How to start your HARTLEY research
First things first ...
1. Contact all your living relatives, especially the elderly ones – they are your most valuable resource, and will probably appreciate a visit.
2. Collect copies of birth, marriage and death certificates – they all contain valuable information – plus as much biographical information as you can extract. In addition, collect and copy any service records, examination certificates, diplomas, awards, newspaper cuttings – anything that contains names, dates and places.
3. Check family Bibles – they are often handed down through the generations and may be inscribed with the names of your ancestors in some sort of order.
And while you're at it, get your older relatives to index/annotate old photographs – your granny may know who the people in the photos are, but when she's gone, will you?
Make out an index card, sheet of paper or proprietary prepared form for each person in your family. Write down: full name (including married women's maiden names) date of birth and/or baptism names of parents place of origin (town, village or parish) date of marriage name of spouse names of children date of death and/or burial.
To verify this information and fill in the gaps, there are several resources available. The main ones are birth, marriage and death certificates and census returns, discussed later, but also documents such as wills, street directories and service records, as well as the new technology of DNA testing.
Work backwards methodically, generation by generation, starting with your parents, then your parent's parents and so on. With luck and time, you may get back to the 1700s. As you go further back into your ancestry, sources of information become much more sparse, as well as more difficult to read. You may find that some records have not survived. Surnames may also be spelt differently as, before the 19th century, many people couldn't write and had to rely on scribes, priests and officials to try get it right.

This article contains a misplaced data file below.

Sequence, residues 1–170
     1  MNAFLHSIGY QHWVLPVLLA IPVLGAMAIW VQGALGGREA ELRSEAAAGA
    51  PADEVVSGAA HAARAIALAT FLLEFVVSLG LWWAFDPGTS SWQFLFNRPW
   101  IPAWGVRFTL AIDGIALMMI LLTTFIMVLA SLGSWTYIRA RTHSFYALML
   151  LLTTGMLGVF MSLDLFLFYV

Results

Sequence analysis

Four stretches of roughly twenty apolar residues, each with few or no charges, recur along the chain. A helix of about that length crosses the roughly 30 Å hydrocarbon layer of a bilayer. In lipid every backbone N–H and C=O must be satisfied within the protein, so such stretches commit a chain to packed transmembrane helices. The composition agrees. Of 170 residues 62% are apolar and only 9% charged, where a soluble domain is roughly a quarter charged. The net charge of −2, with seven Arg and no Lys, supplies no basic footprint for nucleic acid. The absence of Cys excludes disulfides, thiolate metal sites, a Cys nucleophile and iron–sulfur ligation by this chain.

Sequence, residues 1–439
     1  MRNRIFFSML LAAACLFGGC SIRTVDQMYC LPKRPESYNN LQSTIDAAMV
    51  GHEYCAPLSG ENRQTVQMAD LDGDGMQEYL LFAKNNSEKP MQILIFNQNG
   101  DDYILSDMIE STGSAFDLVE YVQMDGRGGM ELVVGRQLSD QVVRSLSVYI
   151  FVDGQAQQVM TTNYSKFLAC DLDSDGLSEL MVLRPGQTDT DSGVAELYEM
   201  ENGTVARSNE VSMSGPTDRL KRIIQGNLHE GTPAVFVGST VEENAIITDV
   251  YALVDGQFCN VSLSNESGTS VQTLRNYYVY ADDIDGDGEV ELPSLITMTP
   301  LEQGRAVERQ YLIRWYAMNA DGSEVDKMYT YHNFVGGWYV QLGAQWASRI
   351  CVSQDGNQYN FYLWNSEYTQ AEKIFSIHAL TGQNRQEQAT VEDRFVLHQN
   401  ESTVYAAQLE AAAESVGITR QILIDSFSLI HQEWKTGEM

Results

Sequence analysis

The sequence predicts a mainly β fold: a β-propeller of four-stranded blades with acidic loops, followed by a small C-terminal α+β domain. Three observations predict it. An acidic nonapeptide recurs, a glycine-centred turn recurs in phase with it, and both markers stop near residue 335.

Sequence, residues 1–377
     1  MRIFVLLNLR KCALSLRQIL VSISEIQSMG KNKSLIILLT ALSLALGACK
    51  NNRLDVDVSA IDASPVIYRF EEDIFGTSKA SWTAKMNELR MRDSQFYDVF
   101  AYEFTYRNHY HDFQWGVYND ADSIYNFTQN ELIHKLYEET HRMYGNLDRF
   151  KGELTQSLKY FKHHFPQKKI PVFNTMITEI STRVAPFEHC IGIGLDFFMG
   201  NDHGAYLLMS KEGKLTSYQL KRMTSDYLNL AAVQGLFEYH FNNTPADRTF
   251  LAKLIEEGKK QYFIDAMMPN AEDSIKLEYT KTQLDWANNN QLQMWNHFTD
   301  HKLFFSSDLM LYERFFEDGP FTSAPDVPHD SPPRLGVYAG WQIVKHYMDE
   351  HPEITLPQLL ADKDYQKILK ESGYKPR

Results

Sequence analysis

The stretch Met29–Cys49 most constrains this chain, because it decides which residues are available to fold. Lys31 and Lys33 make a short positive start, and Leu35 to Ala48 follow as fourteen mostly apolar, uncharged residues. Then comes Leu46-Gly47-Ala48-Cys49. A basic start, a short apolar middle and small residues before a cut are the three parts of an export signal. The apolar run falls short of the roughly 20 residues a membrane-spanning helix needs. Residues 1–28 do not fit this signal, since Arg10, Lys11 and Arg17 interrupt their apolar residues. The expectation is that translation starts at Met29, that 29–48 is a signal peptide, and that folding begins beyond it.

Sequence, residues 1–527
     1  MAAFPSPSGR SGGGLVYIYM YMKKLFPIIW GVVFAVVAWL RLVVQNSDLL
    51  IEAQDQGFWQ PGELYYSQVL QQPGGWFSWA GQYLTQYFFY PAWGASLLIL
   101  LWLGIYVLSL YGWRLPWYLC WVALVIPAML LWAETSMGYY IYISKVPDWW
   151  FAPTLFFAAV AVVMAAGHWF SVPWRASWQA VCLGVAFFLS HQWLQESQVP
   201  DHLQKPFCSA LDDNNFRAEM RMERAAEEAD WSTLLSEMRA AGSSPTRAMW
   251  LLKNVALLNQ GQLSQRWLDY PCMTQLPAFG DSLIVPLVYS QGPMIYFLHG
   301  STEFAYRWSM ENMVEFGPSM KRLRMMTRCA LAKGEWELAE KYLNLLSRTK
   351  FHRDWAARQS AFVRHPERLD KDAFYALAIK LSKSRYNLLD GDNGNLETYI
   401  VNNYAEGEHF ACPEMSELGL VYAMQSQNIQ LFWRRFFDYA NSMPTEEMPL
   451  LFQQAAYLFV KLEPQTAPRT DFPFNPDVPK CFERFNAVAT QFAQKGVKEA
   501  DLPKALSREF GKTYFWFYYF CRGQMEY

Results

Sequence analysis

Using a computer ...
Software packages are available to make sense of all this data – for example, Family Tree Maker. After you have entered all the details you have been able to discover, you will be able to print out various charts and family trees. You can even publish your results on the internet.
Most people start by tracing back their father's ancestors (the direct male line), as this is usually the easiest to do, there being only one surname to concentrate on. The maternal line (your mother, her mother, and so on), however, is more pure – there is always the strong possibility that a child was fathered by someone other than the mother's husband [see DND Testing below].
The Latter Day Saints, IGI Church Records, search of Births, Baptisms, Marriages, Deaths
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A person's paternal ancestry can be traced by DNA on the Y-Chromosome or yDNA for short. Only men have a Y-Chromosome, which they inherited from their fathers and will pass on to their sons. Men sharing the same surname can explore and share their genetic connections by DNA testing from a company [see worldfamilies.net]